This trend is perpetuated by the fact that the business world is dominated by men; those women who do attempt to climb the corporate ladder tend to suppress their feminine side in an attempt to "fit in." While it's not a bad thing to see these women develop their masculine energy, the big-picture result is that they don't bring enough feminine energy to these masculine institutions. And the men at these companies are not actively encouraged to develop their feminine energy; companies may have paternity leave available, but in most cases men know that it is career suicide to take it. Businesses and organizations must encourage the growth of feminine energy, not only by hiring and promoting more women, but also through family-friendly policies and a more responsible corporate culture.
The Six Steps
I frequently speak about finding a state of Effortless Energy by following the Six Stilletto Steps. The truth is that gender balance plays an important role in this process. The Six Steps are a journey, similar to the quests of ancient mythology when an ordinary boy or girl steps out of their comfort zone to face their destiny. On the journey, they discover who they are inside (feminine energy) and learn that they can depend on themselves (masculine energy). In changing their internal world, they develop the confidence that they can change their external world.
Indeed, every step in the process requires both masculine and feminine energy, which develops both our energies as we work our way through them. Step 1, Self-Awareness, is the most introspective (and thus feminine) step, yet it is also masculine insofar as it also involves awareness of external signals. The second step of Self-Acceptance again has two elements: it takes the feminine energy of compassion to accept what we have learned about ourselves, but also the courage of masculine energy to stand up and "dare to be different." Step 3, Self-Assurance, is all about the masculine energy of actively seeking support systems through friends and family based on the feminine energy of your self-knowledge. It is important that our external action reflects our internal value system which is established by our feminine energy. Again, it is an inner, to outer, step.
Step 4 is Self-Care, in which we arm ourselves with the tools and weapons we need, be they messages, affirmations, or knowledge. Self-Care tools can be as individual as what gives us energy. Again, it's the masculine energy action that fills the tool bag as we "invest in ourselves," but it's based on our internal value-system of restoration (feminine energy). The fifth step is Self-Reliance, the moment where we set out on the quest. This is clearly the most masculine of the steps, as it is the point where we stop planning and start doing; yet we also draw on internal strength and resolve in times of peril, and that resolve has its roots in self-knowledge. Even the final step, Self-Celebration, has a masculine and feminine side. While much of the celebration is conventionally external, it is also a matter of internally showing gratitude - whether to yourself, to your god, or to the support system that helped get you there. And the best form of celebration is laughter, which always brings you back into balance.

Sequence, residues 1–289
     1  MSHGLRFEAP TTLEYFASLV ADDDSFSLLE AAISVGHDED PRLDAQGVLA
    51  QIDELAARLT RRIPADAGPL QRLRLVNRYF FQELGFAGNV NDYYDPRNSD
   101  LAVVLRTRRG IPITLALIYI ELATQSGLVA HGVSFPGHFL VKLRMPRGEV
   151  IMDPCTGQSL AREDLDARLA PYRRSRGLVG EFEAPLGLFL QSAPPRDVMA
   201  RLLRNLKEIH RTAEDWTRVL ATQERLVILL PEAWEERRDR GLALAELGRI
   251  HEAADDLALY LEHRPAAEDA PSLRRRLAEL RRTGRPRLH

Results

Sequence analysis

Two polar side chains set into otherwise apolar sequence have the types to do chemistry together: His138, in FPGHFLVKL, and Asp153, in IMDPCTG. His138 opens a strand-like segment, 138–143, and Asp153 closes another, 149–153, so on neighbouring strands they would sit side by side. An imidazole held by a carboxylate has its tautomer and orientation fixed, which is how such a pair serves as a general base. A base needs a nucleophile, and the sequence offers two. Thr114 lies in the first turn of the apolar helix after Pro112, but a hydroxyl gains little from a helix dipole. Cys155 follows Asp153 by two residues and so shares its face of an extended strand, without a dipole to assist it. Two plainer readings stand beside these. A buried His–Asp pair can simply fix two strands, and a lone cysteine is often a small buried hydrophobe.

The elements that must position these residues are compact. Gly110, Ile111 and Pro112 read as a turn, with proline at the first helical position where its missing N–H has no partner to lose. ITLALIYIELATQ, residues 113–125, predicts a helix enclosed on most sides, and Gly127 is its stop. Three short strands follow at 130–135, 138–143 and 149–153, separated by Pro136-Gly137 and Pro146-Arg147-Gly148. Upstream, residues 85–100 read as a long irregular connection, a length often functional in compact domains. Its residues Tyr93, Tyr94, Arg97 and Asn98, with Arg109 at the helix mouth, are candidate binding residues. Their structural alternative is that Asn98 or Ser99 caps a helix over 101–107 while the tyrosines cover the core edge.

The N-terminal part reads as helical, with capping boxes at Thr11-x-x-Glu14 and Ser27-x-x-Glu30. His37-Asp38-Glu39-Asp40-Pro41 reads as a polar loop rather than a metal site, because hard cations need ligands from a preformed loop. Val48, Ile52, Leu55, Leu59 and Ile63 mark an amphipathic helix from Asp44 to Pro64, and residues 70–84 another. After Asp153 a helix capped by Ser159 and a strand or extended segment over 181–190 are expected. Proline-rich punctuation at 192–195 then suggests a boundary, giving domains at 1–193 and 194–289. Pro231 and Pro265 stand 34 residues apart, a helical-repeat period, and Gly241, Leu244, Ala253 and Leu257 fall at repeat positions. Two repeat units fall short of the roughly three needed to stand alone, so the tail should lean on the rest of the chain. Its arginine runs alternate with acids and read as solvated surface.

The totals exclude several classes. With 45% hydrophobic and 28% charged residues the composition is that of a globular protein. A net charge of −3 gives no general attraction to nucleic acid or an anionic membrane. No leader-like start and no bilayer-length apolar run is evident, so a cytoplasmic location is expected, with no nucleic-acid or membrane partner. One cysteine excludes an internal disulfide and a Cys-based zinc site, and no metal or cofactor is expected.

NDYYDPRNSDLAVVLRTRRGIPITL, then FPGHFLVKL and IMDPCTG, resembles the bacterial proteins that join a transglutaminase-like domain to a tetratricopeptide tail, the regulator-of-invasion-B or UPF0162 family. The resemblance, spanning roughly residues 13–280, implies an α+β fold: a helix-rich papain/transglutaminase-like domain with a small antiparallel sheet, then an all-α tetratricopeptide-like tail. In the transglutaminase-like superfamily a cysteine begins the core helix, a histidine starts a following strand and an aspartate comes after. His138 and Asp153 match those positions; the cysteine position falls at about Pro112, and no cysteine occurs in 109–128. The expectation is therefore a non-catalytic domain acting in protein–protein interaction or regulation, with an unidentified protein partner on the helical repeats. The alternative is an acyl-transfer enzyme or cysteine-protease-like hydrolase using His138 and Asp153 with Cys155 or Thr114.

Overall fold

Sometimes people ask me why I call them "Stilletto Steps." For starters, it's because I've always loved stillettos! But the real reason is that Stillettos represent a perfect blend of energies - the feminine stilletto heel evolved from the stilletto knife, the ultimate symbol of forceful masculine energy. Each step is a precarious balancing act between the two energies - but if we can keep our balance, we'll reap the benefits.
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ABOUT THE AUTHOR
After a highly successful career in business, including 26 years with PotashCorp where she was Senior Vice-President, Betty-Ann retired in 2007, the same year that she was named to Canada‘s Most Powerful Women: Top 100 Hall of Fame™. She now works as a speaker, author and mentor and is committed to using her personal and professional experiences to inspire and empower other women. A firm believer in the value women bring to organizations, Betty-Ann explores changing perceptions of male and female roles including candid observations about what she calls "Good Gender Physics” on her blog at www.stillettochick.com. She helps both men and women understand the primary energy of their gender but also accept and appreciate the strengths of their opposite.